It all started when my son refused point-blank to even try a book because he didn’t like the cover art and the title.
We got into an interesting (read: heated) discussion about author and illustrator each doing their part of the job to produce a book, and if one is more important than the other, and what happens if one does something you might like and the other not so much, then you would miss out on something great.
I tried to plead the author’s case but my son remains unconvinced to this day, so I’m not going to jinx it by naming the book in question.
Soon after I noticed that the City hall of our district hosted a small Children book fair with some twenty authors and/or illustrators signing and selling their books that afternoon. I thought that it was a good opportunity for him to see that books were made by real people.
We ventured into the normally-closed-on-weekends City hall like tourists in a haunted palace. It was a rather small affair, with just a few tables and a few cookies and sweets hastily offered on plastic plates. Nothing comparable with a major international book fair. The musical ambiance was dominated by the next function hall that hosted the end of year show for parents of the local dance school (5 years old in blue tutus running to and fro to the tune of Frozen). The authors were trying hard to stay friendly and positive in an almost empty hall. Of course, the district mayor had her photo taken with a few smiling writers, and the closeup shot ensured that it looked like a hugely successful event.
The weirdest participant of all was a man-size mascot in garish plush fabric, a person in full-fledge costume with a huge head of a huge mouse, that was the hero of a commercial book series. I cannot even imagine the heat and the humiliation inside that costume. All I hoped was to avoid having to buy one of those books from the poor man trapped into a mouse.
My son was pretty intimidated by the setting, and when he is, he just stares and whispers to me. The limited number of people browsing made it difficult for me to continue speaking about authors and illustrators anyway. I retreated to the back of the hall, let him fill up on sweets, and told my son that we were going to buy a book, but one only, and that he wasn’t supposed to say to the writer’s face that he didn’t like the cover art of the book he’d written or created, because it would be rude, so he could look around until his choice was set.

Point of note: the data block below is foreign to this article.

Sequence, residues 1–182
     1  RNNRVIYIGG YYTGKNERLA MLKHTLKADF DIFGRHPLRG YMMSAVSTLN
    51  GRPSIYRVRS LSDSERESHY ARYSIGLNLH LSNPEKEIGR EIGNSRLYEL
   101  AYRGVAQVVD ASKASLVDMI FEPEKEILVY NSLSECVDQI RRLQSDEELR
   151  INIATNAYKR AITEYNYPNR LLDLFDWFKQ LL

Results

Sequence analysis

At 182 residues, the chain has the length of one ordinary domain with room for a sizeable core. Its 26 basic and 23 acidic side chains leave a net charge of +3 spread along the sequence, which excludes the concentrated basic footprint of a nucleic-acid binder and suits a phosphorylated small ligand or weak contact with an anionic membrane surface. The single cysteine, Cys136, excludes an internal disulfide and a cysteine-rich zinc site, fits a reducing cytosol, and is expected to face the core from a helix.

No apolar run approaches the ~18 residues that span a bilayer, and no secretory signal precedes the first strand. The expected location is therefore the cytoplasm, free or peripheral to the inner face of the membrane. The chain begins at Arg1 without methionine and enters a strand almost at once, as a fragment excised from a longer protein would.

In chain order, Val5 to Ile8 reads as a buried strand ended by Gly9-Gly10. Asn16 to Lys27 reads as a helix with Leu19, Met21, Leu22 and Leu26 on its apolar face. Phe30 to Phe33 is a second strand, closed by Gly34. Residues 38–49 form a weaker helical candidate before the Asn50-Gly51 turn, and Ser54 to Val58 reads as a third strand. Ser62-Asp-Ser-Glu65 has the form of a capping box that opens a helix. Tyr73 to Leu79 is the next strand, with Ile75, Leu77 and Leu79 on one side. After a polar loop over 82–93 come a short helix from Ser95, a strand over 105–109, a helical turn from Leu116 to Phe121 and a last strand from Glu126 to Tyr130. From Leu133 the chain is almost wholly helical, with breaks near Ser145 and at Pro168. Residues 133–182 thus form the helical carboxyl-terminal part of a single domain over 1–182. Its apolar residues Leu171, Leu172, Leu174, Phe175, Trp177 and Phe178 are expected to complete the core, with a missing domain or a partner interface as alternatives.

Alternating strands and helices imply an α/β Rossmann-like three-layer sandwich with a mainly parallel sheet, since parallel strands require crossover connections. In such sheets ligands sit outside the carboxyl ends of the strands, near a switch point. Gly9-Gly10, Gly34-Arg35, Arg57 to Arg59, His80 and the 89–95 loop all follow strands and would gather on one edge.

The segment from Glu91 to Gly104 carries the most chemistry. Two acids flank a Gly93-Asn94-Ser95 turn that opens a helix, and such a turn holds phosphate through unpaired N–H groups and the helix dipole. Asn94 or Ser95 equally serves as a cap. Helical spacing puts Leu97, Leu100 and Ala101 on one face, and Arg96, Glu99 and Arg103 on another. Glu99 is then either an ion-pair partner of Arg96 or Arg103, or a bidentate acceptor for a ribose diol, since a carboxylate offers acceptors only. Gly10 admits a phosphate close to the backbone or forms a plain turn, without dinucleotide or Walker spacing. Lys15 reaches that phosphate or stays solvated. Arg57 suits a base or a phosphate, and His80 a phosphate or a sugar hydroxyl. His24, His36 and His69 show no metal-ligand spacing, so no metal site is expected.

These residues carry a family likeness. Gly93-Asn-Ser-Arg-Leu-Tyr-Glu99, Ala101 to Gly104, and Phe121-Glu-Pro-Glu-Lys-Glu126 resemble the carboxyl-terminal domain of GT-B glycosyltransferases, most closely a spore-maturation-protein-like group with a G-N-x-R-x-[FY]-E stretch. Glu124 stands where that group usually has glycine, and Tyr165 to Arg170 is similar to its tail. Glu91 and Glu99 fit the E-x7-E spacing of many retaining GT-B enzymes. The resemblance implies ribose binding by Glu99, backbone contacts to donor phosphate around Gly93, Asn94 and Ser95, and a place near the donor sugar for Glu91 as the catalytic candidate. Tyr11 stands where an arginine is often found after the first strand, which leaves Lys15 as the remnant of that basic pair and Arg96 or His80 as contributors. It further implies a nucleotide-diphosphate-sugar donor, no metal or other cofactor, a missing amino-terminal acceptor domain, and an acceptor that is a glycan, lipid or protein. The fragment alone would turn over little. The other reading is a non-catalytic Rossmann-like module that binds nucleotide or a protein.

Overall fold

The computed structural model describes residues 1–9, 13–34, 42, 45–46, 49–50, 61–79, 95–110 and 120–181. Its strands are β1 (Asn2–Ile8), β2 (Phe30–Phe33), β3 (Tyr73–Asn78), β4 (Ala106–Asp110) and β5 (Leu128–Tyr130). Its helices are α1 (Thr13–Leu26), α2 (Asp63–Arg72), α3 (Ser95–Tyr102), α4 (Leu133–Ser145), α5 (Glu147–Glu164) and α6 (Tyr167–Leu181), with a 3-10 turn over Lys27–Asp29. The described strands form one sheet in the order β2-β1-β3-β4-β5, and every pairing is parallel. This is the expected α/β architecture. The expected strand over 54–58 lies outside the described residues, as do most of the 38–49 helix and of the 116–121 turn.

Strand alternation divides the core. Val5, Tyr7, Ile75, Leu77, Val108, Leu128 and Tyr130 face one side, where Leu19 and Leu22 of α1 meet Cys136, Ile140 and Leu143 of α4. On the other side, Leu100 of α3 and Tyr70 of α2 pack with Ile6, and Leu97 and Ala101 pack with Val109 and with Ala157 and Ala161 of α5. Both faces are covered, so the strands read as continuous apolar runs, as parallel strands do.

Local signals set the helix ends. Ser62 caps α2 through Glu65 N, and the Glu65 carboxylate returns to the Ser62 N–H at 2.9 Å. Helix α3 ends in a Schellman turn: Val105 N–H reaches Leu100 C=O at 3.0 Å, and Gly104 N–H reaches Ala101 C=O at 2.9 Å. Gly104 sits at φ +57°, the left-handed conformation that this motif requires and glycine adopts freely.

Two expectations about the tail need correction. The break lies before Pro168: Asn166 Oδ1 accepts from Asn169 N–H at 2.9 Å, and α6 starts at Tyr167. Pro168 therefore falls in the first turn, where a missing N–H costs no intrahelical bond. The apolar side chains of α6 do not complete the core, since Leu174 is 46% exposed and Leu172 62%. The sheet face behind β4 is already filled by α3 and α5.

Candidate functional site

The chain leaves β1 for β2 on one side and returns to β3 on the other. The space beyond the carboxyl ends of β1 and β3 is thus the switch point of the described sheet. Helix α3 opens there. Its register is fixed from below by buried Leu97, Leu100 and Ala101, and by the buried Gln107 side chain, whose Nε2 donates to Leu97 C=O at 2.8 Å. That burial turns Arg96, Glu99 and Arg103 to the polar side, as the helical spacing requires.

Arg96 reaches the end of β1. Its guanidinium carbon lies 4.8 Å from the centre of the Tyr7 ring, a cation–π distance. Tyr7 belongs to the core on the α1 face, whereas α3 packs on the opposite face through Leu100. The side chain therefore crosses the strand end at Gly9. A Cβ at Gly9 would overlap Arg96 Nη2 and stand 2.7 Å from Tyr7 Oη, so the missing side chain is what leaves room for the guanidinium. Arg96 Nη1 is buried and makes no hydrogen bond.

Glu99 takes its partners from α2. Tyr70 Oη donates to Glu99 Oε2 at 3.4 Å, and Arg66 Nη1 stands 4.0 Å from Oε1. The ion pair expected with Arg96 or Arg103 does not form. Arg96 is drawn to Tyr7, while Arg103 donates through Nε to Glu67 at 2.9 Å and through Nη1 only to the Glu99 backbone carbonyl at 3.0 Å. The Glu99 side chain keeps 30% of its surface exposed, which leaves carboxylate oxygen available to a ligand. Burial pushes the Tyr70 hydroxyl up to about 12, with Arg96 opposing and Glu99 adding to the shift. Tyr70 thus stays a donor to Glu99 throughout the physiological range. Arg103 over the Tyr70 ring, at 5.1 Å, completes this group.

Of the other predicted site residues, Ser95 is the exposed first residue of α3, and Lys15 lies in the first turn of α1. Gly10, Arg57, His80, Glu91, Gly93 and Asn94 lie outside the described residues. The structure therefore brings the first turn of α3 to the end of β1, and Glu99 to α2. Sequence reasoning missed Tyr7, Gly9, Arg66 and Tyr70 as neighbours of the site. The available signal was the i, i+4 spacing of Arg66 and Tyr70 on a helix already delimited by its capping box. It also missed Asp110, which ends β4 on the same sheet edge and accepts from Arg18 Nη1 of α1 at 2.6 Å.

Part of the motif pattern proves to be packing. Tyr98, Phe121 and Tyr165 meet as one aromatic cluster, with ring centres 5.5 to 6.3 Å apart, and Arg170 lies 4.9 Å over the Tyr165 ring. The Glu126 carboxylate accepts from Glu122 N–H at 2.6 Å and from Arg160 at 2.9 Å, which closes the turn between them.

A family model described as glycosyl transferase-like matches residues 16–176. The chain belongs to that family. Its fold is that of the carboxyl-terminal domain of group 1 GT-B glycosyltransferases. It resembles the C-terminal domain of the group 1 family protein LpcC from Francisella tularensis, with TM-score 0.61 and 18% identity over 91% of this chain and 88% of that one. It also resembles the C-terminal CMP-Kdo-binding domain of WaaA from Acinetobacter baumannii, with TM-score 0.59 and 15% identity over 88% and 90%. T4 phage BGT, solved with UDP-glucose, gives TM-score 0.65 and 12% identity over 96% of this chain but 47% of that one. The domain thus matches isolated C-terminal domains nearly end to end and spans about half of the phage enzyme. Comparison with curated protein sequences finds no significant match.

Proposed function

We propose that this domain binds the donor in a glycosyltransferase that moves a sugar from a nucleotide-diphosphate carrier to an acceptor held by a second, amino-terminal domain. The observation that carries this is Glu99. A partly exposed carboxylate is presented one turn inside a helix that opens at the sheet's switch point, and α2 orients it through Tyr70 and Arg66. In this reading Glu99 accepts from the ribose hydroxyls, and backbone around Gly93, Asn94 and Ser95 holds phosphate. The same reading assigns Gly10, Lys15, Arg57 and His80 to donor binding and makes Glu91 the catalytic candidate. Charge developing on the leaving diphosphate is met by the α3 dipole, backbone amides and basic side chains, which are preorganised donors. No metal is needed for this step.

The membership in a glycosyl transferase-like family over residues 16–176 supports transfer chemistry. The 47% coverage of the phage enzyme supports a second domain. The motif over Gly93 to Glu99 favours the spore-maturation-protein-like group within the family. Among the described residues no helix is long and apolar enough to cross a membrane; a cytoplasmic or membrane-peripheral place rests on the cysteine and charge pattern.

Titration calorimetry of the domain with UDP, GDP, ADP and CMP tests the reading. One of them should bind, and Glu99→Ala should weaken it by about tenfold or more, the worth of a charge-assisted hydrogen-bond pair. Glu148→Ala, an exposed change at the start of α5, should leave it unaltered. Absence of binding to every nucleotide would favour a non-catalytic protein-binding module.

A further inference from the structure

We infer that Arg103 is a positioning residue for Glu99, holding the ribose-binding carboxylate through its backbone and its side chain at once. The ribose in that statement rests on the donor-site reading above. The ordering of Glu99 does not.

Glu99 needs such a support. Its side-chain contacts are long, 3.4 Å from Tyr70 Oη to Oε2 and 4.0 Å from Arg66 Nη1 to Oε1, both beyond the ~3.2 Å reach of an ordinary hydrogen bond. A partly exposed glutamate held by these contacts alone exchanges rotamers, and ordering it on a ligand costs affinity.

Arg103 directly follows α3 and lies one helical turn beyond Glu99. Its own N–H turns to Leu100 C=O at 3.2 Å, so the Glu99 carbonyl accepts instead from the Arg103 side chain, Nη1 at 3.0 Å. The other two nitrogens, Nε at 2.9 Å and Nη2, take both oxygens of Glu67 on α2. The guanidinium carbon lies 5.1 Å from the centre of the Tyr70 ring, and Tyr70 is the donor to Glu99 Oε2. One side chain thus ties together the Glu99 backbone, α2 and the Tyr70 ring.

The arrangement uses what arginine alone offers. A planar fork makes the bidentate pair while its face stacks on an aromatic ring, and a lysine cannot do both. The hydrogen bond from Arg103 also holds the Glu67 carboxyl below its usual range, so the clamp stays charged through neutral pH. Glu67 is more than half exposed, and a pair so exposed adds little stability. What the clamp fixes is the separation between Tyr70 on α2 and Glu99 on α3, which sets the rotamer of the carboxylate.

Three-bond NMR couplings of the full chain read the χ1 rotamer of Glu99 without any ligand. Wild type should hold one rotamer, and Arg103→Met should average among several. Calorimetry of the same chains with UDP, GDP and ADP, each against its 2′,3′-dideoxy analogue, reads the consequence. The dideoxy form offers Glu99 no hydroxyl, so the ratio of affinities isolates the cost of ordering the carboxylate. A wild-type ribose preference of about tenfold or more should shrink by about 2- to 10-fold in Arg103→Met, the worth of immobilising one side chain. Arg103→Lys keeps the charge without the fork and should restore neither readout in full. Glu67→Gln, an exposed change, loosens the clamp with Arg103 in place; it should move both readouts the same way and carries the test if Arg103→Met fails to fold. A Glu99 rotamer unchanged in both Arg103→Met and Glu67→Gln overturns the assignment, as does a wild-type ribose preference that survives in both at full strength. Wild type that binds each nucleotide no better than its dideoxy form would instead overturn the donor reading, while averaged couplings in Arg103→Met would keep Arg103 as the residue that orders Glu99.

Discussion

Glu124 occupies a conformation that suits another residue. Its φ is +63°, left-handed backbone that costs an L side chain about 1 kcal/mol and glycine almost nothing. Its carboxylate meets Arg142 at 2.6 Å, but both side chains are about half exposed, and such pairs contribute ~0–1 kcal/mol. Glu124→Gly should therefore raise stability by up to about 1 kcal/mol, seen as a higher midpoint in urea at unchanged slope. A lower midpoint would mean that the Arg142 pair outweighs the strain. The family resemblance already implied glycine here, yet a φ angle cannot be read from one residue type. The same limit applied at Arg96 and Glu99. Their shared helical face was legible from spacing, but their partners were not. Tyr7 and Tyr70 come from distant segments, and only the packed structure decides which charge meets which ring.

Was I too strict? Everyone was gracious, but I thing it was torture for everyone involved, from my son (“why did she say only one? how am I going to choose?”), to me (“oh my, we’ve already looked around at each table twice, I feel like I am the ball rolling inside a casino roulette before stopping at any number”), to each writer who got visited twice (“I have explained everything to this little boy the first time around, and he stares without saying a word, what am I going to tell him this time, please don’t come back a third time!”). My son was dead serious, as if he was going to choose the one book for his entire year (he’d already forgotten that library day was the same afternoon, where he could stock up on dozens).
Eventually I got into a nice conversation with a writer who not only writes for kids, but also for adults with a different pen name, and I happened to have heard of her. If possible, I felt even more awkward by then. Obviously she had come for her kids books, and she was probably disappointed by the poor turnout. She was around my age, and during a brief instant I wondered if we could have traded sides, she with a kid in tow, explaining books and trying to instill love for them, and me with some published books on the table, waiting for some kid to choose the book I had spent so much energy and love into creating, over the next person’s book on the next table.
We ended up buying her book, of course. And I promise I didn’t influence my son. I’m not really sure if it’s the writing, the cover art or the extra friendly writer who won him over. As for me, the odds that I will one day be a published writer is about the same as the casino roulette, I guess. I was so relieved that we didn’t need to strike up conversation with the giant mouse, and I bet my son was too.